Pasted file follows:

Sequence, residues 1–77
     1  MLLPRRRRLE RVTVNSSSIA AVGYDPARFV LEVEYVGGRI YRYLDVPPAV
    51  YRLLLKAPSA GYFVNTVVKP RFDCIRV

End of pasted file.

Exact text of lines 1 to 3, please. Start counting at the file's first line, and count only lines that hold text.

Sequence, residues 1–77
     1  MLLPRRRRLE RVTVNSSSIA AVGYDPARFV LEVEYVGGRI YRYLDVPPAV
    51  YRLLLKAPSA GYFVNTVVKP RFDCIRV